High levels of fructose in the diet inhibit the liver’s ability to properly metabolize fat. This effect is observed when a high-fat diet is supplemented by fructose—but not glucose. The problem, according to scientists based at the Joslin Diabetes Center, is that fructose impairs the function of the liver’s mitochondria.

“Fructose makes the liver accumulate fat,” said C. Ronald Kahn, MD, chief academic officer at Joslin and a professor of medicine at Harvard Medical School. “It acts almost like adding more fat to the diet. This contrasts the effect of adding more glucose to the diet, which promotes the liver’s ability to burn fat, and therefore actually makes for a healthier metabolism.”

Kahn is also the senior author of an article that describes how the fructose effect unfolds at the molecular level. This study, “Dietary Sugars Alter Hepatic Fatty Acid Oxidation via Transcriptional and Post-translational Modifications of Mitochondrial Proteins,” appeared October 1 in Cell Metabolism. The article describes how the Joslin researchers used animal models to compare the metabolic consequences of six different diets: regular chow, chow with high fructose, chow with high glucose, a high-fat diet (HFD), an HFD with high fructose, and an HFD with high glucose.

“Fructose and glucose supplementation of an HFD exert divergent effects on hepatic mitochondrial function and fatty acid oxidation,” wrote the article’s authors. “This is mediated via three different nodes of regulation, including differential effects on malonyl-CoA levels, effects on mitochondrial size/protein abundance, and acetylation of mitochondrial proteins.”

Malonyl-CoA, an intermediate in the synthesis of long-chain fatty acids, is also a potent inhibitor of fatty acid oxidation. Specifically, it inhibits CPT1A (carnitine palmitoyltransferase 1A), the key enzyme in transporting components of fatty acids onto carnitine across the mitochondrial inner membrane.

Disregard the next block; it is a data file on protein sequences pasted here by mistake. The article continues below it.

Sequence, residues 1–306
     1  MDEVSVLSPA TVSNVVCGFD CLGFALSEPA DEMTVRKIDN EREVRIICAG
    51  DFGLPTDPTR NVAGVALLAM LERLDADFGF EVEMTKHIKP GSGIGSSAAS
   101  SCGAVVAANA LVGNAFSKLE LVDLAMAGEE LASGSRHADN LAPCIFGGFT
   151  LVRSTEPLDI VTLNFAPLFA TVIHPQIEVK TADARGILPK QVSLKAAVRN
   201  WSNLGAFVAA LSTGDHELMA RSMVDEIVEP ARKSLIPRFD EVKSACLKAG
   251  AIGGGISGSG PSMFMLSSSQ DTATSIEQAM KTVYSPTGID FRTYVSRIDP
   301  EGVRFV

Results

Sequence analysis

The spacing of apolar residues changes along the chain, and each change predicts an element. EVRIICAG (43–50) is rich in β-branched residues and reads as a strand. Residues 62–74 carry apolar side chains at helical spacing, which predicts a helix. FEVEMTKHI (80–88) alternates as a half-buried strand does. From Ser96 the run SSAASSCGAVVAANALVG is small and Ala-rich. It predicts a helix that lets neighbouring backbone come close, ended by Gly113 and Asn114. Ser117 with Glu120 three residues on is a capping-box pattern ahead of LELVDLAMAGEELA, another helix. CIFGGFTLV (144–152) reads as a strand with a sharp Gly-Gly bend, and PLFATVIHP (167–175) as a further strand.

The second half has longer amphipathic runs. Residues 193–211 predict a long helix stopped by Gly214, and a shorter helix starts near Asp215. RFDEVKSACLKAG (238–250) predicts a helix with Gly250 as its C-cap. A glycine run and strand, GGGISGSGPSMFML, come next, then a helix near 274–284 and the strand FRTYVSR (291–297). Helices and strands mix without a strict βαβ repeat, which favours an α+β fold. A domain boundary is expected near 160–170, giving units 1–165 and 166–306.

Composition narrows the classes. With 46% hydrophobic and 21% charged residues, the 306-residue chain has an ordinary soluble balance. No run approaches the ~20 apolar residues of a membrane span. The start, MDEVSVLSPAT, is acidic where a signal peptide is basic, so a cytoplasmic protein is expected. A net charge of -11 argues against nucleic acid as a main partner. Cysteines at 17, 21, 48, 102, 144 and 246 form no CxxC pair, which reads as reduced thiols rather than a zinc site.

CPT1 is responsible for the formation of acylcarnitine from ACADL (acyl-coenzyme A dehydrogenase, long chain), which is responsible for beta-oxidation of fatty acids within the mitochondria. ACADL dysfunction is associated with lowered fatty acid oxidation capacity, decreased heat generation, and overall insulin resistance.

“HFD- and HFD plus fructose-fed mice have decreased CTP1a activity, the rate-limiting enzyme of fatty acid oxidation, whereas knockdown of fructose metabolism increases CPT1a and its acylcarnitine products,” the article’s authors added. “Furthermore, fructose-supplemented HFD leads to increased acetylation of ACADL and CPT1a, which is associated with decreased fat metabolism.”

In addition to monitoring mitochondrial markers of fatty liver, the researchers investigated the mitochondria themselves. “When mitochondria are healthy, they have this nice ovoid shape and crosshatching,” said Kahn. “In the high-fat plus fructose group, these mitochondria are fragmented and they’re not able to burn fat as well as the healthy mitochondria. But looking at the high-fat diet plus glucose group, those mitochondria become more normal looking because they are burning fat normally.”

Dietary fructose supplementation, but not glucose supplementation, of a high-fat diet impairs mitochondrial size, function, and protein acetylation, resulting in decreased fatty acid oxidation and development of metabolic dysregulation. [Cell Metabolism]
Together, the molecular and the mitochondrial findings demonstrate that both high-fat and high-fat plus fructose diets damage mitochondria and make it easier for the liver to synthesize and store fat rather than burn it.

“The most important takeaway of this study is that high fructose in the diet is bad,” Kahn declared. “It’s not bad because it’s more calories, but because it has effects on liver metabolism to make it worse at burning fat. As a result, adding fructose to the diet makes the liver store more fat, and this is bad for the liver and bad for whole body metabolism.

“Surprisingly, when you switch the sugar in the diet from fructose to glucose, even though they’re both equally caloric, the glucose doesn’t have that effect. In fact, if anything, overall metabolism is somewhat better than if they just were on a plain high-fat diet.”

Kahn and colleagues believe that developing a drug that blocks fructose metabolism could prevent the negative actions of fructose and help prevent fatty liver disease and its adverse metabolic consequences, including impaired glucose tolerance and type 1 diabetes.

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